I know saying this that I will get a lot if flac from the posters here, yet I know it to be true. I recently was in my room ar RMAF playing a 44.1 track of Steven Stills "treetop flyer". Great track, but it was given to us in FLAC format. one of my roommates said it would souind better as .wav,a and I said no way. Anyway , I converted it from .wav to FLAC and played both tracks.
The FLAC track was like listening through a tunnel. The .wave file was open, airy and natural. I am a believer now. One show attendee in the room said "shit, my entire library is FLAC, I dont want to hear this"
To hear these differences, you will need a truly resolving system. Ours was.
Depends on your operating system. I did the same coparison with my Linux music server and no audible difference were heard between FLAC Vs WAV.
If you have enough CPU power and a good decoder, there is no reason to hear any difference. The only issue that may come to mind is a very poor implementation of the audio streaming that have the decoder and the streaming interface fighting for CPU cycles, resources or interrupts.
Saying that WAV is better than FLAC is a wrong blanket statement.
Have fun testing!
Achilles: you had asked about the Marantz NA 7004 player a few months ago on this thread and I just saw it now. I had discussed it on some other threads in the "Digital" forum.
It turned that my original model was defective. After obtaining an exchange, I'd give it a big thumbs up for sound. It uses the same cirrhus logic chip that the 803 and 804 SACD/CD players use . If you have familiarity with those players you will know what to expect.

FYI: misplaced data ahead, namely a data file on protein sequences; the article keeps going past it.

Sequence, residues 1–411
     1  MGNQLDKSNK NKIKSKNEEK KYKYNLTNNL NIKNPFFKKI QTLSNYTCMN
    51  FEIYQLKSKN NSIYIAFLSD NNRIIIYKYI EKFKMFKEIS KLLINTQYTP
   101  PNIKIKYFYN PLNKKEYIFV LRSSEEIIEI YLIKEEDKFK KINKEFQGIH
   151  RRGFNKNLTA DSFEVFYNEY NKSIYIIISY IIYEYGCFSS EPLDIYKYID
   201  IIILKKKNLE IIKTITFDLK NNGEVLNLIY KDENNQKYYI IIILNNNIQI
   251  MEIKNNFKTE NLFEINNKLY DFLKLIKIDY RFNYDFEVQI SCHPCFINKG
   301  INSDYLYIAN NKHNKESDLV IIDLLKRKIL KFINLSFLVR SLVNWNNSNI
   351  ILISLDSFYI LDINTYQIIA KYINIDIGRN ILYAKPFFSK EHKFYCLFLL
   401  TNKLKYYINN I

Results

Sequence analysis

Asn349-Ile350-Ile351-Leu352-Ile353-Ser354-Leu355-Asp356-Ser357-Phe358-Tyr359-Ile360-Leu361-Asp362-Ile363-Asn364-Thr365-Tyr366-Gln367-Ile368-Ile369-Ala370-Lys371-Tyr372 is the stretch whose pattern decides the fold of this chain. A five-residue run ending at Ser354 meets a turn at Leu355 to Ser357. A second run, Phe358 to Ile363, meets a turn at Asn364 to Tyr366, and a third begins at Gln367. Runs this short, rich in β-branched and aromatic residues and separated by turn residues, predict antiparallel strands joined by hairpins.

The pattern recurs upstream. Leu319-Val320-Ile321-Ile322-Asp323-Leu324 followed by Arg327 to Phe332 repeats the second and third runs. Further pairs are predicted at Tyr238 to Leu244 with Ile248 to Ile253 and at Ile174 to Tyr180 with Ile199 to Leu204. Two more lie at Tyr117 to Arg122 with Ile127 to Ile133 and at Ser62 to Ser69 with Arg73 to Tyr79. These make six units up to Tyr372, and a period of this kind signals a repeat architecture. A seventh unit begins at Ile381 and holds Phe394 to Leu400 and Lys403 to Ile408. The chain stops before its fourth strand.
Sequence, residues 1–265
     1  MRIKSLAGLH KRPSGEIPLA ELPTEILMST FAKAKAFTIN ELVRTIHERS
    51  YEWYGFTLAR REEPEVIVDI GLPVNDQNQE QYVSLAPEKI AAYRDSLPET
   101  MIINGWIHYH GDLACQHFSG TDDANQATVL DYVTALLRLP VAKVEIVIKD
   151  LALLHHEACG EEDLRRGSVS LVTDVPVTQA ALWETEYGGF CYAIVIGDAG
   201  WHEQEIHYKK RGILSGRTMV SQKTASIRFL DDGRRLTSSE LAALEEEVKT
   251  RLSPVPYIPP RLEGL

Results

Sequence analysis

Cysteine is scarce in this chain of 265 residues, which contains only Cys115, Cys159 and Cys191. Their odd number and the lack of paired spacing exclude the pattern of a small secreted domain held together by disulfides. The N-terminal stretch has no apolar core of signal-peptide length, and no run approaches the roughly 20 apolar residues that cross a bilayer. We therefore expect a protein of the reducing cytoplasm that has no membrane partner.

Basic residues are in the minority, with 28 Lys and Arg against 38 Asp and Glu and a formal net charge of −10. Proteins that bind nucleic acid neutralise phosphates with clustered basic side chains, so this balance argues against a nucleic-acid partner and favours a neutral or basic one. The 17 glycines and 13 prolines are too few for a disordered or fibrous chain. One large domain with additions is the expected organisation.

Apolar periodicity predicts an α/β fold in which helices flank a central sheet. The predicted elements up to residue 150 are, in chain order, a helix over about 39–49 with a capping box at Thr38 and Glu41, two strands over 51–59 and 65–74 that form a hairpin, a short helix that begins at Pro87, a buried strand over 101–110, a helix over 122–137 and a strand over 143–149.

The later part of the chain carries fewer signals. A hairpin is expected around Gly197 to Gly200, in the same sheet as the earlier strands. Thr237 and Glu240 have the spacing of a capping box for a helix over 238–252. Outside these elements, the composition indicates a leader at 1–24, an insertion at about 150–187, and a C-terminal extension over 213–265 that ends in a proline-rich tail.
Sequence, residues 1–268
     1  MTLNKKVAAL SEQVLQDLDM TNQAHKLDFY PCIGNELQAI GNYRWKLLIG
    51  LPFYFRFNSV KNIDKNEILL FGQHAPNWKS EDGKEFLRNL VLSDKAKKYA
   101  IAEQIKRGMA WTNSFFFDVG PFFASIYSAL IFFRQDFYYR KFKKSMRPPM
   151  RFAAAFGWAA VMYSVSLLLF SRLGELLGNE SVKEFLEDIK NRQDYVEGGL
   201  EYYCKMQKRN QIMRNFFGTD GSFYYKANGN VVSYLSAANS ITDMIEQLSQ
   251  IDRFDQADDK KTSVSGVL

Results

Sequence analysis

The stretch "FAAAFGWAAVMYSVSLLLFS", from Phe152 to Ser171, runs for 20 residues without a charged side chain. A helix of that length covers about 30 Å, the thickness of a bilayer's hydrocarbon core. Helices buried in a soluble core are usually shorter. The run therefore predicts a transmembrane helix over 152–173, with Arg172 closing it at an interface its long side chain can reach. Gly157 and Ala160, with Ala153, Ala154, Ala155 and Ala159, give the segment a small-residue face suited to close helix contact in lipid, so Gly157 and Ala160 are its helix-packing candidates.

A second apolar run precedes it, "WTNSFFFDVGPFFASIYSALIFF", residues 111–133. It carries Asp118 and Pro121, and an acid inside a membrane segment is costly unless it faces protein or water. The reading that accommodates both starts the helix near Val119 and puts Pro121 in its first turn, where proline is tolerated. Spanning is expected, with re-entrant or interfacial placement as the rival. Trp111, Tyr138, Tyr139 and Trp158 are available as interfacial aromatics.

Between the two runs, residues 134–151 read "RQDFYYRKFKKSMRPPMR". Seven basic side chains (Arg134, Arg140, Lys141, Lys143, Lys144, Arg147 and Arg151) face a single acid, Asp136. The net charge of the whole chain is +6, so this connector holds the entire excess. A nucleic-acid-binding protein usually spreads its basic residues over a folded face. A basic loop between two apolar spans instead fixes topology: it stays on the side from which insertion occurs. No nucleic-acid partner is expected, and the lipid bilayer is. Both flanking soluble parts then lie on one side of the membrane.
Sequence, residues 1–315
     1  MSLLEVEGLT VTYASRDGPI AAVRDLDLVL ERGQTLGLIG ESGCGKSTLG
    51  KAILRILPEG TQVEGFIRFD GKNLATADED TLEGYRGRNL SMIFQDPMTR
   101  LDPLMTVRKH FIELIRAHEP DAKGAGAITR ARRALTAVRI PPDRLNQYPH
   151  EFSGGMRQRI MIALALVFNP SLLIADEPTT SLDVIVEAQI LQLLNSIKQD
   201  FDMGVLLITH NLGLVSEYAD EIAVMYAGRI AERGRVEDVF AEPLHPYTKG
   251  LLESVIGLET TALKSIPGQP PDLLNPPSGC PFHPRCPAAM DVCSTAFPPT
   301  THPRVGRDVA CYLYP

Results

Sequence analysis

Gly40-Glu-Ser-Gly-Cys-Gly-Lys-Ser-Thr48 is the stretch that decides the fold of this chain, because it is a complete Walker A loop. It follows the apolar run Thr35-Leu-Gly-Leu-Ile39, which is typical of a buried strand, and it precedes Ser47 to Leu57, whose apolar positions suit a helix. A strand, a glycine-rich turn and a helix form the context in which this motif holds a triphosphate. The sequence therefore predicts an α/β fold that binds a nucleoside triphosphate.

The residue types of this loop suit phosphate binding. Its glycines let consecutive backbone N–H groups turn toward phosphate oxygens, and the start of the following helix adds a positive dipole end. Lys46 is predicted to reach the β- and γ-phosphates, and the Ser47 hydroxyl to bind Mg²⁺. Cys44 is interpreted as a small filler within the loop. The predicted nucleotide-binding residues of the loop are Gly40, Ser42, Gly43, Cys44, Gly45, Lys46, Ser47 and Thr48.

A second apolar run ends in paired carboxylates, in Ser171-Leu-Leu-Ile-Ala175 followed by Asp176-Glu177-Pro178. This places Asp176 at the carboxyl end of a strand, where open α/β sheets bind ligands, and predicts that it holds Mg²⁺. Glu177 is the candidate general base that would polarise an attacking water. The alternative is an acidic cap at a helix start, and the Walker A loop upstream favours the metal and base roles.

It is a very versatile piece. I had originally purchased it with High Rez
Downloads in mind but have wound up playing standard Rez material from my MacBook and Internet radio at least as much.
It's has a couple of major weaknesses: the first is the interface, which is terrible and mandates that you use another device such as an iPad to control it. The iPad app is less than perfect, to say the least. The second problem is that the device itself is buggy. For example, the iPod/USB input will frequently give "no compatibility" indication, even when the same track has been played on the player before, and requires multiple overrides to work.
The application that plays the FLAC file needs to "extract" chunks of it into memory when playing. If the application is poorly written, the extraction process may use resource that will degrade the streaming output. A good example is trying to play a 1080p file on a weak CPU with slow graphics card. It is not the file but the way it is executed.
I suggest you try comparing FLAC Vs WAV with various operating systems while using different players.
I'm not sure what you mean, but I am a total newb to this, so you may be right. What I do know is that I can download the hi-res files and play them without any conversion necessary with Songbird. If I want to play them in itunes I have to convert them to Apple Lossless, but these files have a lot of static noise in them. Songbird allows me to play them without the noise.
I know it is an older thread but....
where is the link forSoungbird? will Mojave support it?
RE WAV vs
i’ve found at times, this media player or that one tends to do better with some file types than it does with others.
this is of course a subjective appraisal using likely very different hardware and PC arrangements than the poster indicating a glaring disparity between FLAC & WAV..
some FLAC encoders offer varying levels of compression, as with Dbpower amp when encoding FLAC while ripping 16/44 CDs.